A large section of the autobiography seems primarily intended to demonstrate the author’s credentials for leadership, including the lessons he admits to have learned from past failures. Chipimo thus describes his educational background in some detail. After completing a law degree at UNZA, Elias got a Rhodes scholarship to study Civil Law at Oxford University. This section is followed by a description of his professional career. On his return to Zambia in 1992, he landed a job at Cavmont Bank and, together with Lucy Sichone, set up the Zambia Civic Education Association with the aim of ‘to help everyone remember who the masters [the people] were supposed to be and who the servants [the politicians] really were.’ In 1995, Chipimo inaugurated his own corporate law firm, Corpus Globe. He had realized there would be ample opportunities to provide legal advice to multinational companies which had entered – or were entering – Zambia as a result of the liberalization of the economy under the MMD.
The kernel – and, in all probability, the principal raison d’être – of the book is to be found in the last section: ‘State of the Nation and the challenges ahead’. After examining the record of the MMD regime and its privatisation programme, Chipimo concludes that ‘we were unequal to the task of building the nation beyond the infrastructure developments achieved in the early Kaunda days.’ In Chipimo’s analysis, five key factors have hindered progress in Zambia: ‘poor time keeping, lack of commitment to one’s word, limited vision and insufficient planning, emotion-driven rather than fact-based decision making and a strong sense of dependency.’ ‘Vision 3:3:8’ is Chipimo’s formula to rebuild the Zambian political system. This cryptic slogan alludes to 3 desirable outcomes (Zambia as an energy superpower, the continental centre for major agricultural production and the leading inland infrastructure and logistics hub), built upon 3 pillars (governance, energy independence and modernization) supported by 8 core values (excellence, integrity, responsibility, service, equity, humility, commitment and a sense of community). These ideas form the backcloth against which to judge the launch of the National Restoration Party on 2 March 2010, a party which, in the words of its main animator, seeks to (re)introduce an ‘era of service and sacrifice.’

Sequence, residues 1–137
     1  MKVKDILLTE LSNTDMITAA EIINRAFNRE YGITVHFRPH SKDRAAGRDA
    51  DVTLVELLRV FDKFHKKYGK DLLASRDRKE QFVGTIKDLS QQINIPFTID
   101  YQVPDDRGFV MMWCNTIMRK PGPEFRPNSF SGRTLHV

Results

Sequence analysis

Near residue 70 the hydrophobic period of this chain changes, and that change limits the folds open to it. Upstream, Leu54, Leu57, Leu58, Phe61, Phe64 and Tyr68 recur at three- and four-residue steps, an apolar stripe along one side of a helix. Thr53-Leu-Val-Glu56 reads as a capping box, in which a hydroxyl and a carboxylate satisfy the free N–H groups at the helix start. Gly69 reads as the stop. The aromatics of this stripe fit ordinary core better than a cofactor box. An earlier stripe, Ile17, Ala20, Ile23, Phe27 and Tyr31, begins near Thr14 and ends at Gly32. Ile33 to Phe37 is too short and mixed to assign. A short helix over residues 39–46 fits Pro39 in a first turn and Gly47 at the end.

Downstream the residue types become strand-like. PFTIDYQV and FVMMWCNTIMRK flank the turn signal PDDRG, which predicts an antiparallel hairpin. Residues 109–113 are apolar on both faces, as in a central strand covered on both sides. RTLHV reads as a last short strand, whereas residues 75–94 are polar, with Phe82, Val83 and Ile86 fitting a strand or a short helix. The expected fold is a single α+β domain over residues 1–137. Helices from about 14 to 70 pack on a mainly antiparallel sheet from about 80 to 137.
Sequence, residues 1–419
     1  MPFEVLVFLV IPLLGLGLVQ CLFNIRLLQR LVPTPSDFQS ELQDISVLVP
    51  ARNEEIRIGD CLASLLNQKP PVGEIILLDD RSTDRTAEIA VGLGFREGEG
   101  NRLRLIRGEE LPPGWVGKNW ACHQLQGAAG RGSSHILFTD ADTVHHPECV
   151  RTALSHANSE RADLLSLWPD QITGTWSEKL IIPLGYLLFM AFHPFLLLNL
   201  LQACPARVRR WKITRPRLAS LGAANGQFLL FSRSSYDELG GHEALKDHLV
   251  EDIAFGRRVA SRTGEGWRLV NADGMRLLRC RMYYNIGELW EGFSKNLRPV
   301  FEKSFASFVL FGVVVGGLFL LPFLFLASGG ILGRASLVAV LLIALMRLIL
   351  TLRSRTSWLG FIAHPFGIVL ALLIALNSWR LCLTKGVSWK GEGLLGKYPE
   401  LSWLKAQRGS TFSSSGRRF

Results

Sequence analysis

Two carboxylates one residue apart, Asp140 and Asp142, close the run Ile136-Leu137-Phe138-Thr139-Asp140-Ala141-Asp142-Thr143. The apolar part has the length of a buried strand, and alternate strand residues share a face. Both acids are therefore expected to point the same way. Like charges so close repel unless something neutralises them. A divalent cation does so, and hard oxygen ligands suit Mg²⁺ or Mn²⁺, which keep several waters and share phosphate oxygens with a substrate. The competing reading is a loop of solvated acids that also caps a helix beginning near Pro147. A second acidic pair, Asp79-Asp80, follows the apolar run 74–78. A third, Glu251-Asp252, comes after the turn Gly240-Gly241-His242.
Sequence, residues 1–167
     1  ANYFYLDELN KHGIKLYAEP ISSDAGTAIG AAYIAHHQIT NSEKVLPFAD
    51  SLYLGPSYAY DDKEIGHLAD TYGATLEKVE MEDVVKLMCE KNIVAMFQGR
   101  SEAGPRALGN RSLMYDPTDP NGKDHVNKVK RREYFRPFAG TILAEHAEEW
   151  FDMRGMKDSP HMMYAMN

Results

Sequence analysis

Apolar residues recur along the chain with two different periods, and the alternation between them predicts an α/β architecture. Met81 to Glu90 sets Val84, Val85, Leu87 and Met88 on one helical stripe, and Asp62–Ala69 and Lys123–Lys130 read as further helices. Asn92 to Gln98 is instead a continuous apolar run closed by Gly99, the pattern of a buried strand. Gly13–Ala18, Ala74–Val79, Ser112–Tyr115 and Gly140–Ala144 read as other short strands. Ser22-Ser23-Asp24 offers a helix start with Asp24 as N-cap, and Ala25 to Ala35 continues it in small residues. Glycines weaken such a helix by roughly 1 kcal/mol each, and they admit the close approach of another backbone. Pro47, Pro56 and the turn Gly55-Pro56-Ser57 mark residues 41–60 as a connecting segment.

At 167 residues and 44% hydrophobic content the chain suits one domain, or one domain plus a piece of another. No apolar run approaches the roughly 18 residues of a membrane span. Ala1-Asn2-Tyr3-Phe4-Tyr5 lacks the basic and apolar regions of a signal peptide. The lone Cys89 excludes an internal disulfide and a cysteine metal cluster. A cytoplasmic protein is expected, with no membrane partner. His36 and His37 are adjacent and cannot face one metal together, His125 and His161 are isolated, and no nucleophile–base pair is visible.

Chipomo’s book, well-written and filled with fine analogies, reads like motivational literature, and a good one at that. This biographical work is clearly informed by the author’s profound desire to explain his current actions and to inspire others to follow. Like any autobiography, it suffers from a number of omissions; this reviewer, for instance, would have hoped to gain more specific insights into his experience as a corporate lawyer in the 1990s. Political scientists such as van de Walle have pondered over the popularity of autobiographies and Curriculum Vitae as campaign tools. The account of a given leader’s personal achievements – they explain – may well serve to disguise programmatic uncertainties or the absence of clear ideological foundations. The future will tell us whether these characterizations also apply to Chipimo and the NAREP.